On June 22, the day after the 2019 AZ Awards Gala, Azure will host a talk by the legendary landscape architect – and climate change activist – Martha Schwartz.
Martha Schwartz is renowned for the vibrant public spaces she has created around the world over the past 40 years: Village of Yorkville Park in Toronto, completed in 1995; Jacob Javits Plaza in New York (1997); the landscaping for the Swiss Re Headquarters in Munich; the re-programming of Place de la République in Paris and a new central park for the Beiqijia Technology Business District in Beijing. Her firm continues to design exhilarating landscapes around the world.
Schwartz herself, however, has switched gears in the past few years. In what she calls her “second career” she is pressing the landscape architecture profession to confront the realities of climate change. In tandem with her work as a tenured professor in practice of landscape of architecture at the Harvard University Graduate School of Design, where she is teaching climate change mitigation, she is also a founding member of the university’s Working Group of Sustainable Cities at and an active member of the Landscape Architecture Foundation Climate Change Task Force.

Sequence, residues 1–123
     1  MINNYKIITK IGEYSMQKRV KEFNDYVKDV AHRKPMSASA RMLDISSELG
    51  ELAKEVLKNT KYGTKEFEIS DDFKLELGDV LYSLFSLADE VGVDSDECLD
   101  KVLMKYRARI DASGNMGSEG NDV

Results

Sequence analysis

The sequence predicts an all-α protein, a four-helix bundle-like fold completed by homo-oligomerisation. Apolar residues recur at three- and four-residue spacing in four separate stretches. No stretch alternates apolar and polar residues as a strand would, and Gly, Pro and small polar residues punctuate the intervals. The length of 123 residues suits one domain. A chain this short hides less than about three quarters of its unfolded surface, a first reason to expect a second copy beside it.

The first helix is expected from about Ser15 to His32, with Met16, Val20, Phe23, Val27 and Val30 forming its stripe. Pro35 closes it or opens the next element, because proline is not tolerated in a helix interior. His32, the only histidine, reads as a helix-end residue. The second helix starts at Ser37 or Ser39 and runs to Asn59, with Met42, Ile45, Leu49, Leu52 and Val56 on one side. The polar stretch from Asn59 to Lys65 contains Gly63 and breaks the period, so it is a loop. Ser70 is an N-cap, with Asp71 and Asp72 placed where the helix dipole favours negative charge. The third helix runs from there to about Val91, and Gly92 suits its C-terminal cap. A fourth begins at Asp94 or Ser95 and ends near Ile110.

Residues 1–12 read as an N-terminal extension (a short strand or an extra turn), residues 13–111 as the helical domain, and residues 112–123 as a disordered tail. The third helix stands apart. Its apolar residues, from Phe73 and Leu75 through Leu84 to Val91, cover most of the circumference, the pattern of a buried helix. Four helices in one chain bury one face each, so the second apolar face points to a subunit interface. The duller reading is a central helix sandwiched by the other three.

In “The Long and Winding Road: Landscape, Art, and My Existential Crisis,” the topic of her Azure Talks presentation, Schwartz will discuss the beginning of her career in art, which set the trajectory for her practice – now in its fourth decade – and shaped the field of landscape architecture. And then she will turn to the topic of the climate crisis, and how she has turned her attention in academia towards understanding the science of climate change as well as the solutions that may help to create a pathway forward – with the aim of encouraging others to participate and act in behalf of achieving climate stability.
This talk qualifies for one ConEd structured learning hour. A certificate will be provided by request, post-event.
This Azure Talk is generously supported by our sponsors, Arper and Scavolini; in partnership with the George Brown School of Design.